Gambian President Yahya Jammeh. (AFP)
Banjul - The president of the Gambia has declared his country is now "an Islamic state," his office said on Saturday, adding that "the rights of the citizens" would be protected.
"Gambia's destiny is in the hands of the Almighty Allah. As from today, Gambia is an Islamic state. We will be an Islamic state that will respect the rights of the citizens", it quoted President Yahya Jammeh as saying in the city of Brufut.
An impoverished former British colony on the coast of West Africa nestled within Senegal, the Gambia has a population of 1.96 million, 90% of whom are Muslim.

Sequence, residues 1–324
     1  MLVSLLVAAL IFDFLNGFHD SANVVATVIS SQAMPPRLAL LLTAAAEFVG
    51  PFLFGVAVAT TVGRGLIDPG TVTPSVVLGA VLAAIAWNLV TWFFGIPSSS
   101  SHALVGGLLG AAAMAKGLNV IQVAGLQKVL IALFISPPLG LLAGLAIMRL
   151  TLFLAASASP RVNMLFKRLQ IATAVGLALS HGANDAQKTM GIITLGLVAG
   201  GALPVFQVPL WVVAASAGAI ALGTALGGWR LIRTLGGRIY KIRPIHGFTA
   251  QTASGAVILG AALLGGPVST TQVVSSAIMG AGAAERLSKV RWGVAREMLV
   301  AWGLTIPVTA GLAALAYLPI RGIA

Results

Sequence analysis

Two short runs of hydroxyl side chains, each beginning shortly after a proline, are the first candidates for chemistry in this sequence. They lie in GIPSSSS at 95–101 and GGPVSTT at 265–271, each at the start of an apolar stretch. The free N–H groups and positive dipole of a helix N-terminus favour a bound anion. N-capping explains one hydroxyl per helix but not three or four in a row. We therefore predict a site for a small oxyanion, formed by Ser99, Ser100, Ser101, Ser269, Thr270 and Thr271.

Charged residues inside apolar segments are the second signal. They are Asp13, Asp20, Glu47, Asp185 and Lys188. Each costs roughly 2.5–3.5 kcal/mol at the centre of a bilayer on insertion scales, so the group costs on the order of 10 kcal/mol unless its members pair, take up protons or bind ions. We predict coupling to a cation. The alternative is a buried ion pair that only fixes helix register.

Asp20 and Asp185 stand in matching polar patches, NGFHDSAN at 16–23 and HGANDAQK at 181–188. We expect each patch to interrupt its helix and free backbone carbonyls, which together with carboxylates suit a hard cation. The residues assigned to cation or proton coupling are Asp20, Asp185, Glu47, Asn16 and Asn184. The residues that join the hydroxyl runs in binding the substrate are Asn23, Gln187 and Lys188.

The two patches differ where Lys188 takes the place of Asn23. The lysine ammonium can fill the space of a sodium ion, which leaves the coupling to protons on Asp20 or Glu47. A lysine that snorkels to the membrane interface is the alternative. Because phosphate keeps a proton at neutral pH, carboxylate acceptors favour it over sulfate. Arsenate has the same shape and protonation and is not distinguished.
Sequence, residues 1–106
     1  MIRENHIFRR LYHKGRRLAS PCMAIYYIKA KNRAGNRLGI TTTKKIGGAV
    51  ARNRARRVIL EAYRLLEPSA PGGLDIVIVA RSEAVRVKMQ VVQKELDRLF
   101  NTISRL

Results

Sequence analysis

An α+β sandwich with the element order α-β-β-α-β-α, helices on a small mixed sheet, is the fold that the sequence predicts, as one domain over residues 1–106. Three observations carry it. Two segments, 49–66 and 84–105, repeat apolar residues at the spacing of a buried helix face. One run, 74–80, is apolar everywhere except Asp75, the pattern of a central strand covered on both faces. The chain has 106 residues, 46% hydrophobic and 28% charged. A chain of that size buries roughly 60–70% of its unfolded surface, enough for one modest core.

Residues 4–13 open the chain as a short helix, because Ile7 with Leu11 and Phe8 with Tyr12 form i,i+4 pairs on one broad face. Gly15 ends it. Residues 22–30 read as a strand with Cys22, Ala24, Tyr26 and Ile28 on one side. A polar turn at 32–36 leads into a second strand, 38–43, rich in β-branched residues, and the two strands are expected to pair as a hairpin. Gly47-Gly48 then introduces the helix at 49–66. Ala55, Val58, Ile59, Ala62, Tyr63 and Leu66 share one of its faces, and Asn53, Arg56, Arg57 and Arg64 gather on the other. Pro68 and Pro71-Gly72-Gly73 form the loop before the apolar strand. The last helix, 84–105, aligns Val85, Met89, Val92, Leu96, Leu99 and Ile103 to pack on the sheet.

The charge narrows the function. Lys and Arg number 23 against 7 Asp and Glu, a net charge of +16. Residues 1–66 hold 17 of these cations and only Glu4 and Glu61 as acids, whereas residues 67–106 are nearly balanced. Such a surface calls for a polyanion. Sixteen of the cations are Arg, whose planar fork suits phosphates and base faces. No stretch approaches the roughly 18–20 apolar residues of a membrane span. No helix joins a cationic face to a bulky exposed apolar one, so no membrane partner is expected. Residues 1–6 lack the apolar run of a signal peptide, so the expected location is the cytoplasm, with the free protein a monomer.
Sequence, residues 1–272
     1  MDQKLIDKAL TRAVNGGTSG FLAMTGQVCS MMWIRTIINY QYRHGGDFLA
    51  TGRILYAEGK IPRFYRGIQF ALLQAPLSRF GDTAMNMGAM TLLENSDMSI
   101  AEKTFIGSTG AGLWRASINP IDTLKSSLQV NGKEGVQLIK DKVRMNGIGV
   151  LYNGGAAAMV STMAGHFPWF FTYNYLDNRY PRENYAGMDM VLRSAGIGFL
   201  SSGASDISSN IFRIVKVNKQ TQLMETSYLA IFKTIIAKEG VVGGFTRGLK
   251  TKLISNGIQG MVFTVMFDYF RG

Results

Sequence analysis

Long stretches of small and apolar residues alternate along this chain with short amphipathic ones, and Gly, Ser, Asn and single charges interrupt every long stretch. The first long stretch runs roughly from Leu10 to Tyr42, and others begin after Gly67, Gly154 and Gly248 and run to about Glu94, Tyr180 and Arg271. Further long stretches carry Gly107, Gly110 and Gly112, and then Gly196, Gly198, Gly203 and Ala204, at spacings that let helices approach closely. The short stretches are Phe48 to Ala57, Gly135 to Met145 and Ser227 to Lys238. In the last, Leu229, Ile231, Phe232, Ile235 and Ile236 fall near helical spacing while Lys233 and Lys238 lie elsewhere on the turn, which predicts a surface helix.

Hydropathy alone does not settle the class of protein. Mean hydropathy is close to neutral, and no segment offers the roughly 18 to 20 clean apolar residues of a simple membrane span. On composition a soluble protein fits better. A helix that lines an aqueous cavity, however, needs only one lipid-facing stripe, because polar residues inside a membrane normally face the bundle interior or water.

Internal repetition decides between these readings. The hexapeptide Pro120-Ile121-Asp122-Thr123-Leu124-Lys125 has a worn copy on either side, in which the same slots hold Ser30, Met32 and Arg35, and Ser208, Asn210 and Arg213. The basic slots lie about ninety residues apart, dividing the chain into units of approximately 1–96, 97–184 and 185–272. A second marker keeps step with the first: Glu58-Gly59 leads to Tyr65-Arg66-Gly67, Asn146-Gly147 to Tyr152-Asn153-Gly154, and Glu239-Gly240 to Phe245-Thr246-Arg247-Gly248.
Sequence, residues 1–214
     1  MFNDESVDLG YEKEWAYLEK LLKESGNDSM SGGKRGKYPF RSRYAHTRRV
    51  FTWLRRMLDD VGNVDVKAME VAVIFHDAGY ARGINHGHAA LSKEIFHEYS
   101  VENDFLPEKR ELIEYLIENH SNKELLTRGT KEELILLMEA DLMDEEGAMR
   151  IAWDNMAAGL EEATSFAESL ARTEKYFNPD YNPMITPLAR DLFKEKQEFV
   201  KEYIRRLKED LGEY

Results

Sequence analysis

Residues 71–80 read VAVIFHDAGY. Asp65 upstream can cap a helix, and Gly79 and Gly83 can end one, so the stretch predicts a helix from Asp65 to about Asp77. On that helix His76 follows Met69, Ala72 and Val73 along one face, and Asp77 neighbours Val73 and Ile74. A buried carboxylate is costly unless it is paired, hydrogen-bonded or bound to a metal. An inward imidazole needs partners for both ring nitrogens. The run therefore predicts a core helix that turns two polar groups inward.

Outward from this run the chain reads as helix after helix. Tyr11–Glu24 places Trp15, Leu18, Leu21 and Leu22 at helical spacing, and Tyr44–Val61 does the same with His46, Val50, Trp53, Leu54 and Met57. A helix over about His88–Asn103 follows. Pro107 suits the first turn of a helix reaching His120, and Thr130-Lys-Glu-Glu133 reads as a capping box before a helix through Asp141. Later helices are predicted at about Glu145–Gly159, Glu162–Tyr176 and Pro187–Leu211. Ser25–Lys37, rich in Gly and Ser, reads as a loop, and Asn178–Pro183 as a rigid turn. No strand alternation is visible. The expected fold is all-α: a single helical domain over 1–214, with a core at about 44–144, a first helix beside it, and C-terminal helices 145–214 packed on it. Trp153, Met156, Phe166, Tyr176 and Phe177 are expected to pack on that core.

Of the remainder, eight percent are Christian and two percent are defined as having indigenous beliefs.
Jammeh, 50, a military officer and former wrestler from a rural background, has ruled the country with an iron fist since he seized power in a coup in 1994.
He cultivates the image of a practising Muslim and is often seen holding a Koran or prayer beads and of promoting an aura of mysticism.
Human Rights Watch in September banded his regime one of the most repressive in the world, blaming paramilitaries and secret police for torture, disappearances and extrajudicial killings.